(WGHP) — Hurricane Ian made landfall in Florida after already bringing “catastrophic” winds and flooding to the state before driving north into the southeastern United States, according to the National Hurricane Center.
Around 3:15 p.m., Hurricane Ian made landfall at Cayo Costa, Florida. The storm had winds of 140 miles per hour after making landfall at 145 miles per hour as a Category 4 storm.
As of 10 p.m., the Category 2 storm is heading north-northeast at 8 mph. Wind speeds reduced when it hit land with max winds at 100 miles per hour.
“By tomorrow afternoon, it’ll be northeast of Orlando as a tropical storm, and then it will go back out in the Atlantic, and then it will start to hook back toward Hilton head and Savannah as we go into Friday afternoon,” FOX8 Chief Meteorologist Van Denton said. “And then it goes from Columbia back into western North Carolina as a depression…we’ll see our heaviest rain on Saturday night and some lingering rain on Sunday as well.”
Now that it’s made landfall, the storm will continue to weaken.
Wednesday night, the storm will likely move over central Florida, and it will likely cross into the western Atlantic by late Thursday.
The NHC says the storm will cross into the western Atlantic by late Thursday before turning north Friday and approaching the northeastern Florida, Georgia and South Carolina coasts late Friday. The center warns the storm could be near hurricane strength at that point.
Storm surges and the tide could cause flooding with water potentially rising as much as 12 feet in certain areas.
“Widespread, life-threatening catastrophic flash, urban and river flooding is expected across central Florida,” NHC reports. “Widespread considerable flash, urban and river flooding is expected across portions of southern Florida through Wednesday, and northeast Florida, southeastern Georgia and coastal South Carolina later this week through the weekend.”
The NHC has released the following estimates of heights water could reach if peak surge happens during high tide:
- Englewood to Bonita Beach, including Charlotte Harbor: 12-18 ft
- Middle of Longboat Key to Englewood: 6-10 ft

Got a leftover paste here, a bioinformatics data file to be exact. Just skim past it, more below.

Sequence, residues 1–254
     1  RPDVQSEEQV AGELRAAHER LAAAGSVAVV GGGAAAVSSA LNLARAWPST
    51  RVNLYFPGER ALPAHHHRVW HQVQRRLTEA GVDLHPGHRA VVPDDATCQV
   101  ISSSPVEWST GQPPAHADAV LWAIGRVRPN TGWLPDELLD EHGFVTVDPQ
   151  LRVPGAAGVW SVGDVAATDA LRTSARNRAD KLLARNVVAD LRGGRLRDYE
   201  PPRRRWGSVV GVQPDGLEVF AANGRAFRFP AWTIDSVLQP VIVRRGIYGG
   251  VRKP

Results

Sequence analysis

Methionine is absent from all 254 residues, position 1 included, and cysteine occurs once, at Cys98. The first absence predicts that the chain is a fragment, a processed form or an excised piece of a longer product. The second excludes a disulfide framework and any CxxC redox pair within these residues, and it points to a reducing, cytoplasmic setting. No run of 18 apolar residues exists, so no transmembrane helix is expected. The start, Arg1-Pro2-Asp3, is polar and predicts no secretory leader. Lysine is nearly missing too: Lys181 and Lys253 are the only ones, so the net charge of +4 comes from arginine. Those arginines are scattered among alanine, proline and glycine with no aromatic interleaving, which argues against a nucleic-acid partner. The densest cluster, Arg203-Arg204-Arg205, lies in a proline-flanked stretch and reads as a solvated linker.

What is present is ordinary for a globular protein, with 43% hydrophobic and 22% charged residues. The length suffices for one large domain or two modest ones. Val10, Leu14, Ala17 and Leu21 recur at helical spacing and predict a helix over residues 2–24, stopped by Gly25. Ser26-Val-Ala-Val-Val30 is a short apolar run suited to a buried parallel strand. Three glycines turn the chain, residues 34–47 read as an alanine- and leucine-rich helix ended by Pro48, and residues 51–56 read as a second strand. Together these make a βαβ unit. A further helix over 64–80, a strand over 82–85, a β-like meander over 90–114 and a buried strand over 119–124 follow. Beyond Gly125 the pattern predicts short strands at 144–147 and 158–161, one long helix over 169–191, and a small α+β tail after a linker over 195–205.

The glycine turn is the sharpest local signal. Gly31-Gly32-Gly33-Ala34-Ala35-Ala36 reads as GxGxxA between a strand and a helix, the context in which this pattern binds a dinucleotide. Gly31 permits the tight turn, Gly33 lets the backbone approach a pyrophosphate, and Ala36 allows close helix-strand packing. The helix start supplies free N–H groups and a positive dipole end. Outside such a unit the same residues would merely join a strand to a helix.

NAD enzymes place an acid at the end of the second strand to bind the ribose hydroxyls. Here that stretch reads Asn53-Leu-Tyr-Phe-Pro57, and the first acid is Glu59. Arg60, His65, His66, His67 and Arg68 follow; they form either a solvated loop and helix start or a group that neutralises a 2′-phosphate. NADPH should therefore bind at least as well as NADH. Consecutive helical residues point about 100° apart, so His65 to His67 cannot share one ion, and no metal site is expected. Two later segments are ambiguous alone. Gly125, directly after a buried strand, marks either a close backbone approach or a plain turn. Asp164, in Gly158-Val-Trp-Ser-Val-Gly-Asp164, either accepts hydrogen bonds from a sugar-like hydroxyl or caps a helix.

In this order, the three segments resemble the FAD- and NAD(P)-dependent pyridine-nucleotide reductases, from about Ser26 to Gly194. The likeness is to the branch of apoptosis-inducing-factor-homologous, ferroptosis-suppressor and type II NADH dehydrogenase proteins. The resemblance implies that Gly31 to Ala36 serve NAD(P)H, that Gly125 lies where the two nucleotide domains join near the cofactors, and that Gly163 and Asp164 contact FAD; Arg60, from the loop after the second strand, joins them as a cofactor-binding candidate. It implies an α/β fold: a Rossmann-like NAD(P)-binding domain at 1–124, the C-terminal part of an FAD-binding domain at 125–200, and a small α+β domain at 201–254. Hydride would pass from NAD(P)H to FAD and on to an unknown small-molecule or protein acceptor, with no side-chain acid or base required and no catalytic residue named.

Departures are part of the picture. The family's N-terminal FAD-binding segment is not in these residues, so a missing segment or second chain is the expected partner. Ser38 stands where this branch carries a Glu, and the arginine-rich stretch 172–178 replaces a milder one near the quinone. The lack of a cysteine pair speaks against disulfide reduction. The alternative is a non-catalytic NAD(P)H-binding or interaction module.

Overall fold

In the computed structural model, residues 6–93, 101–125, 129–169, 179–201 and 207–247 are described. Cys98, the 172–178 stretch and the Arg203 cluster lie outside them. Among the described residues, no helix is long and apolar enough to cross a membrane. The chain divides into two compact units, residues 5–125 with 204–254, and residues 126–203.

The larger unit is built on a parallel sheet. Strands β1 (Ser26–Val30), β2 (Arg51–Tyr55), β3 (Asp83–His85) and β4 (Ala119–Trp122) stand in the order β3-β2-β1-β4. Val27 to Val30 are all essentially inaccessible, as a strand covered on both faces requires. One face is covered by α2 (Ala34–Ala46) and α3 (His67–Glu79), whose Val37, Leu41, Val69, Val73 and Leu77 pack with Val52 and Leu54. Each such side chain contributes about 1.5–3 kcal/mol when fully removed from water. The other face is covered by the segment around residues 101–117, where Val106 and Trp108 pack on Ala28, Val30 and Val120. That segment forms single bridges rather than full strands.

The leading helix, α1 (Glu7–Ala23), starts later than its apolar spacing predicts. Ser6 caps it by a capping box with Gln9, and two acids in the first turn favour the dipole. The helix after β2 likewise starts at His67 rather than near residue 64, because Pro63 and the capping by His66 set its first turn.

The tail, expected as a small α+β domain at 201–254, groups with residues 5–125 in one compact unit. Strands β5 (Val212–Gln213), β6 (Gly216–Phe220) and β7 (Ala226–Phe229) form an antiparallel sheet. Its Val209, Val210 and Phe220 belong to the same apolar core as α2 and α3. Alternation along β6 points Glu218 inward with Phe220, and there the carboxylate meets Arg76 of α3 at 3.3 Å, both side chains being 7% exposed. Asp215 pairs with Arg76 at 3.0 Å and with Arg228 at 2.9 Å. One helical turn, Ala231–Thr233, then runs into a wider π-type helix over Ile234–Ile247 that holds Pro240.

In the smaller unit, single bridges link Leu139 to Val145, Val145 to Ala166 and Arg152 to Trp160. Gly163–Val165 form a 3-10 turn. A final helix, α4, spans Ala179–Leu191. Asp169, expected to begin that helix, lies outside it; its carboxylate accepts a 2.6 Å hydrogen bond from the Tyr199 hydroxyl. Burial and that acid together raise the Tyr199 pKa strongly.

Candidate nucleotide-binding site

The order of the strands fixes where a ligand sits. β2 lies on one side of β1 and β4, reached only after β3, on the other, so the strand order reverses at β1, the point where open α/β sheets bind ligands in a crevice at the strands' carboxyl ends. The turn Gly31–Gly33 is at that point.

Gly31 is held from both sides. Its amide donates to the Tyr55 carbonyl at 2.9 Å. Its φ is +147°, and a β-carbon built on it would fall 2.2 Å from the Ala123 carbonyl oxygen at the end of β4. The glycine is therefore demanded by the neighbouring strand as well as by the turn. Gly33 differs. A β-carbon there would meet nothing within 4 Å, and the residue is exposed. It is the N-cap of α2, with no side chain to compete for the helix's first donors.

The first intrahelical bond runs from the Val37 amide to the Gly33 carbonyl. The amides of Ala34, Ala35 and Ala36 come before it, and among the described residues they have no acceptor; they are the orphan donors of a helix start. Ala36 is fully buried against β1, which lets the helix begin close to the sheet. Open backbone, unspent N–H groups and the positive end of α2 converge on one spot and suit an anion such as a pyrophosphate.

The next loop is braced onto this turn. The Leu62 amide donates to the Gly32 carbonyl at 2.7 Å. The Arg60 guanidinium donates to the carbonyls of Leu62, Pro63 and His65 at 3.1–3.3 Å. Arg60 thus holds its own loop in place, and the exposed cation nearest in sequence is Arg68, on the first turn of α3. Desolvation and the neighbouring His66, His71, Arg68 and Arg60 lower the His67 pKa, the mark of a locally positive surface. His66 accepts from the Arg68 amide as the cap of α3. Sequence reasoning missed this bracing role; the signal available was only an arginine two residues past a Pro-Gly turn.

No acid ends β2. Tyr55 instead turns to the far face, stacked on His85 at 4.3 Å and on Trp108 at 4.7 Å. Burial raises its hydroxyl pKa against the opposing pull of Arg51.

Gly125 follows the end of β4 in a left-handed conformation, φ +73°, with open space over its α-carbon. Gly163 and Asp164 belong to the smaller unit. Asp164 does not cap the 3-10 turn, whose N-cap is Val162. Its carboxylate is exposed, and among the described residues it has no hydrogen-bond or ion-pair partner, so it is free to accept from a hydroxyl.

- Bonita Beach to Chokoloskee: 8-12 ft
- Chokoloskee to East Cape Sable: 5-8 ft
- Anclote River to Middle of Longboat Key, including Tampa Bay: 4-6 ft
- Suwannee River to Anclote River: 3-5 ft
- Lower Keys from Key West to Big Pine Key: 3-5 ft
- Flagler/Volusia County Line to Altamaha Sound: 4-6 ft
- Altamaha Sound to South Santee River: 3-5 ft
- St. Johns River north of Julington: 3-5 ft
- St. Johns River south of Julington: 2-4 ft
- East Cape Sable to Card Sound Bridge: 2-4 ft
- Florida Keys east of Big Pine Key: 2-4 ft
- Patrick Air Force Base to Flagler/Volusia County Line: 1-3 ft
- North of South Santee River to Surf City NC: 1-3 ft
- Dry Tortugas: 1-3 ft
Tornadoes are possible Wednesday across central and south Florida.
Watches and Warnings
A Hurricane Warning is in effect for:
- Chokoloskee to Anclote River, including Tampa Bay
- Sebastian Inlet to Flagler/Volusia County Line
A Storm Surge Warning is in effect for:
- Suwannee River southward to Flamingo
- Tampa Bay
- Lower Florida Keys from Big Pine Key westward to Key West
- Flagler/Volusia Line to the mouth of the South Santee River
- St. Johns River
A Tropical Storm Warning is in effect for:
- Indian Pass to the Anclote River
- All of the Florida Keys
- Flamingo to Sebastian Inlet
- Flagler/Volusia County Line to Little River Inlet
- Flamingo to Chokoloskee
- Lake Okeechobee
- Florida Bay
- Bimini and Grand Bahama Islands
A Storm Surge Watch is in effect for:
- Florida Keys from the Card Sound Bridge westward to east of Big
- Florida Bay
A Hurricane Watch is in effect for:
- Flagler/Volusia County Line to the South Santee River
- Lake Okeechobee